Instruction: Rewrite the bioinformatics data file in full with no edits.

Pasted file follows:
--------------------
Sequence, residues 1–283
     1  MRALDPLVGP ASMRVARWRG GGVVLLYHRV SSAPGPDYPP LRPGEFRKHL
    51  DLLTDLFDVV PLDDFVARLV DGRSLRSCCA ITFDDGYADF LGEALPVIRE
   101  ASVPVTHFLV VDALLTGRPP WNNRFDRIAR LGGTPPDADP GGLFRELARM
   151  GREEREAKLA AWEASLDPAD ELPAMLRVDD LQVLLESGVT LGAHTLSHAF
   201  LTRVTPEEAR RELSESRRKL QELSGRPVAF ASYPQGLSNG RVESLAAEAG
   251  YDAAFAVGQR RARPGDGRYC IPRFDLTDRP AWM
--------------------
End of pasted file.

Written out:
Sequence, residues 1–283
     1  MRALDPLVGP ASMRVARWRG GGVVLLYHRV SSAPGPDYPP LRPGEFRKHL
    51  DLLTDLFDVV PLDDFVARLV DGRSLRSCCA ITFDDGYADF LGEALPVIRE
   101  ASVPVTHFLV VDALLTGRPP WNNRFDRIAR LGGTPPDADP GGLFRELARM
   151  GREEREAKLA AWEASLDPAD ELPAMLRVDD LQVLLESGVT LGAHTLSHAF
   201  LTRVTPEEAR RELSESRRKL QELSGRPVAF ASYPQGLSNG RVESLAAEAG
   251  YDAAFAVGQR RARPGDGRYC IPRFDLTDRP AWM